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Hay Evaluation Method

The Hay System is a job performance evaluation method that is widely used in North America and Europe. Training in the use of the system takes several days, followed by several months organizational experience to become proficient in its evaluation style. All jobs are evaluated not only by the interpretation of the factor descriptions but within the context of all other jobs in the organization. In Ontario, consistent with Pay Equity legislation, four factors are used in job evaluation: Skill, Effort, Responsibility and Working Conditions, which Hay translates into Knowledge, Problem Solving, Accountability and Working Conditions. The system works on an integration of all the factors. A job is evaluated by looking at the knowledge required to do the job (whether practical or intellectual), the kind of thinking required to solve the problems which the job commonly faces, the responsibilities (accountabilities) assigned, and the work environment in which the work is performed. In each of the following factors there are a series of descriptions and variables with points assigned to each.

Know How
Know How is defined as the "sum total of every kind of knowledge and skill, however, acquired, needed for acceptable job performance." There are three dimensions in know how: 1. Practical procedures, specialized techniques and knowledge within occupational fields, commercial functions, and professional and scientific disciplines. 2. Planning, organizing, coordinating, integrating, staffing, directing and or controlling the activities and resources associated with the function of the unit, position, section, etc. 3. Face to face skills needed for various relationships with other people.

Problem Solving
Problem Solving is "the amount and nature of the thinking required in the job in the form of analyzing, reasoning, evaluating, creating, using judgment, forming hypotheses, drawing inferences, arriving at conclusions, etc." There are two dimensions in problem solving: 1. The environment in which the thinking takes place. 2. The challenge of the thinking to be done; the novelty and complexity of the thinking required. Problem Solving is always expressed as a percentage of Know How since it directly relates to how one uses the knowledge which he or she must have in the job to solve the problems which are encountered as part of that job.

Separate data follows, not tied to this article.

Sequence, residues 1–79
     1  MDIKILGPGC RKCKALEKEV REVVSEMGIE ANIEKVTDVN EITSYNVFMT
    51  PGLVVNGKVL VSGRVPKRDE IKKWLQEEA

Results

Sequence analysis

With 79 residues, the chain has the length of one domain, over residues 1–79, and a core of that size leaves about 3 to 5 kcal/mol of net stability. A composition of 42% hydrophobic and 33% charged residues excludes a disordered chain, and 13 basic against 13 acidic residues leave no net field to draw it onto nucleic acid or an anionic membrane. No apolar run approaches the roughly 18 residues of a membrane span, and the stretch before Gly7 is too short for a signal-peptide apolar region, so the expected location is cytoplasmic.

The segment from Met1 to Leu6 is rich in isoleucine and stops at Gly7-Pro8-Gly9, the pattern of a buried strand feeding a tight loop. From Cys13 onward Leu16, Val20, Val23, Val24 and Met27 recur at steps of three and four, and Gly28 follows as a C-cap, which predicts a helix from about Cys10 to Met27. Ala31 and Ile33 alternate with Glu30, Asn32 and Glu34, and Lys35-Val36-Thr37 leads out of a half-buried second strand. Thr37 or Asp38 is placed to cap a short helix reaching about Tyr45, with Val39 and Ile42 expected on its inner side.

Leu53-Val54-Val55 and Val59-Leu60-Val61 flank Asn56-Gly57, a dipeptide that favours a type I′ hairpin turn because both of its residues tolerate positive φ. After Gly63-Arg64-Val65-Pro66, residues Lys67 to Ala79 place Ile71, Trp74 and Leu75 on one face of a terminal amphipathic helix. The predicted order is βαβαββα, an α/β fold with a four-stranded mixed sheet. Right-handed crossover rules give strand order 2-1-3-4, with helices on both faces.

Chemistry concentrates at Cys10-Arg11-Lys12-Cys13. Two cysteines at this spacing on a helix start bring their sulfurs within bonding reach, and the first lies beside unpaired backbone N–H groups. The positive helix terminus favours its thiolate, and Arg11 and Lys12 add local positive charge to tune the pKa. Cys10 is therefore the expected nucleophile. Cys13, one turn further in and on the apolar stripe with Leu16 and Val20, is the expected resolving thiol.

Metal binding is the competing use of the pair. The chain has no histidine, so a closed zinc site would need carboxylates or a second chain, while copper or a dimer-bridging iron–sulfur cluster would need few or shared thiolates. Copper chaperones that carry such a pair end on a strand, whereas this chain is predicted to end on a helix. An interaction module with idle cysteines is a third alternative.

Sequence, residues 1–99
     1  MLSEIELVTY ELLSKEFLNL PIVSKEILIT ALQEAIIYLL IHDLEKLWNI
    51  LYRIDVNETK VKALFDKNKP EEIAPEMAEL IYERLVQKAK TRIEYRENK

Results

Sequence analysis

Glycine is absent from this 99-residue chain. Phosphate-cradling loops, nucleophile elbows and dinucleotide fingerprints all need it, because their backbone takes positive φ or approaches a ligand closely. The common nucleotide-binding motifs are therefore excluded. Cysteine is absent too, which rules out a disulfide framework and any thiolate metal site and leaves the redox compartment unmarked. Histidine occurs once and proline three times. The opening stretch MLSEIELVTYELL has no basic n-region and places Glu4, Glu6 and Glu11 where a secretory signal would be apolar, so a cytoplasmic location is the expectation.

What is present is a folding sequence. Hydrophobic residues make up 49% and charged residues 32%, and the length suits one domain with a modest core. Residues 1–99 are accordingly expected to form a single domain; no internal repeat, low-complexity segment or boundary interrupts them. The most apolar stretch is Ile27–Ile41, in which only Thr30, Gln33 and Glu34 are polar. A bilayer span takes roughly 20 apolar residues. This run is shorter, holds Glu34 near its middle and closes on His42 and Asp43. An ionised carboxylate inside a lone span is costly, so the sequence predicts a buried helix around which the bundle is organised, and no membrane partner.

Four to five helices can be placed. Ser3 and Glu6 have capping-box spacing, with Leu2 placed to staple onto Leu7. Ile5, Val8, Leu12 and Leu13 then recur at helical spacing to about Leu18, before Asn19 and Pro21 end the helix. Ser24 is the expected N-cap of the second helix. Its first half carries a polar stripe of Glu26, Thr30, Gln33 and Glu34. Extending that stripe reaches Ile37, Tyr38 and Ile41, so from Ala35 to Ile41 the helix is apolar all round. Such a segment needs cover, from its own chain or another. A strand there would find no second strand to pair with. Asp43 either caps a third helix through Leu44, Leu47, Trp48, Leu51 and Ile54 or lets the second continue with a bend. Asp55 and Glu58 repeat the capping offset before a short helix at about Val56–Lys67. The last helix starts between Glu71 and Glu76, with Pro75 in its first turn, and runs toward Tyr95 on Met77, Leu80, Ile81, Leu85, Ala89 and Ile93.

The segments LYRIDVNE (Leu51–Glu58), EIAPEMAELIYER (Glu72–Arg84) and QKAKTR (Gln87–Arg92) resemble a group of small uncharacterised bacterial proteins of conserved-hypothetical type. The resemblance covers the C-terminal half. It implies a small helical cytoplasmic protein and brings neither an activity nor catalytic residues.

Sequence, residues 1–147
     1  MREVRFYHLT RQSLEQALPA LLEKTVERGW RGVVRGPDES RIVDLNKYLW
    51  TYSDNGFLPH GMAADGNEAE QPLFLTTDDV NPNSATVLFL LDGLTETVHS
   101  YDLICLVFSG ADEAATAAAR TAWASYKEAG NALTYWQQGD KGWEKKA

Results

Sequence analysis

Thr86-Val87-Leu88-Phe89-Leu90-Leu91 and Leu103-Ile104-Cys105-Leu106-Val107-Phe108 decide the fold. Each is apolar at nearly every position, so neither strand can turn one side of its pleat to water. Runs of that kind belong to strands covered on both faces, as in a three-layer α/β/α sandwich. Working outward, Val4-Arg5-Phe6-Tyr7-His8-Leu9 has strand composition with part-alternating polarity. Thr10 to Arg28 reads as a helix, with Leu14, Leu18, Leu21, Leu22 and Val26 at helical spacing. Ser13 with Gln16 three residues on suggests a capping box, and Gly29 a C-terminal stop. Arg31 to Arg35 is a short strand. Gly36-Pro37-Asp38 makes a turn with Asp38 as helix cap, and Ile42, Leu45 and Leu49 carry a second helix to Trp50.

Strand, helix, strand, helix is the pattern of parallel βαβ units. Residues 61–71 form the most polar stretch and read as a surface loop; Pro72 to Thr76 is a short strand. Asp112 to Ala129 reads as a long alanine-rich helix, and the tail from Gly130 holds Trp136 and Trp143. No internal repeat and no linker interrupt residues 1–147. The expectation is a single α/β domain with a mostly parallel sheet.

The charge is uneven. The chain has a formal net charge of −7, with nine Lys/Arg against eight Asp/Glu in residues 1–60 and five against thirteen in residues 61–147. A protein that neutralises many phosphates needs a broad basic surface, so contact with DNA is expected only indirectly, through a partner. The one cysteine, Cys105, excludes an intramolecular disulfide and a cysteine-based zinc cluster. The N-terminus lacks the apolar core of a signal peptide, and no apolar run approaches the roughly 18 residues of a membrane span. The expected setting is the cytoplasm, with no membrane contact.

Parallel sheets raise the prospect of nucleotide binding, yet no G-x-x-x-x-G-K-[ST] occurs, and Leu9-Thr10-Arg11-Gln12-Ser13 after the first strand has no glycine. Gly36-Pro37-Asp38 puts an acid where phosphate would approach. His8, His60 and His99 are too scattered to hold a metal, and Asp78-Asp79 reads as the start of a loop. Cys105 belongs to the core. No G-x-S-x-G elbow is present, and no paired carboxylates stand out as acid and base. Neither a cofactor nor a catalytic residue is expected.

Accountability is "the answerability for action and its consequences. The measured effect of the job on end results in the organization." There are three dimensions in accountability: 1. "Freedom to Act" which is the extent of personal, procedural or systematic guidance and control on the job. 2. "Job Impact on End Results" which is the degree to which the job affects or brings about the results expected of the unit or function being considered.

3. "Magnitude" is the size of the function or unit measured in the most appropriate fashion.

Working Conditions
Working Conditions assess the environment in which the job is performed. Working Conditions are made up of four dimensions: 1. "Physical Effort" - jobs, which may require levels of physical activity, which may produce physical, stress or fatigue. 2. "Physical Environment" - jobs which may include exposure to unavoidable physical and environmental factors which increase the risk of accident, ill health or discomfort to the employee. 3. "Sensory Attention" - jobs which may require concentrated levels of sensory attention (i.e. seeing, hearing, smelling, tasting, touching) during the work process. 4. "Mental Stress" - refers to exposure to factors inherent in the work process or environment, which incrsease the risk of such things as tension or anxiety. Each of these four dimensions is measured according to duration, intensity and frequency.

All of these factors are evaluated in each job evaluation and the cumulative total is a total point factor for the position. Because jobs have so many different variables it is possible that a job without a high score in Know How but with severe Working Conditions could result in the same number of points with a job that has the opposite components. For example, an insurance clerk and a bus driver have few job responsibilities that are similar, but might be evaluated in total at the same point level. Please note that the following examples do not represent jobs at the University of Waterloo and are used only as an explanation of the Hay system.

Intermediate Insurance Clerk Know How Problem Solving Accountability Working Conditions: Physical Effort Physical Environment Sensory Attention Mental Stress Total Points 2 1 6 2 155 100 19 25

School Bus Driver 87 16 22 9 7 9 5 155

Although these jobs have little in common and differ in the Hay Points for individual factors their total points are the same and therefore the jobs are considered to be of equal value.

Obviously the trained evaluator must consider the ratings awarded to a Senior Insurance Clerk and Junior Insurance Clerk to maintain the integrity of the rating within job families when evaluating the Intermediate Insurance Clerk. While these jobs have been evaluated individually important concepts are consistency of application and the establishment of benchmark positions. All positions within an organization are evaluated in comparison to the benchmarks using a consistently applied evaluation tool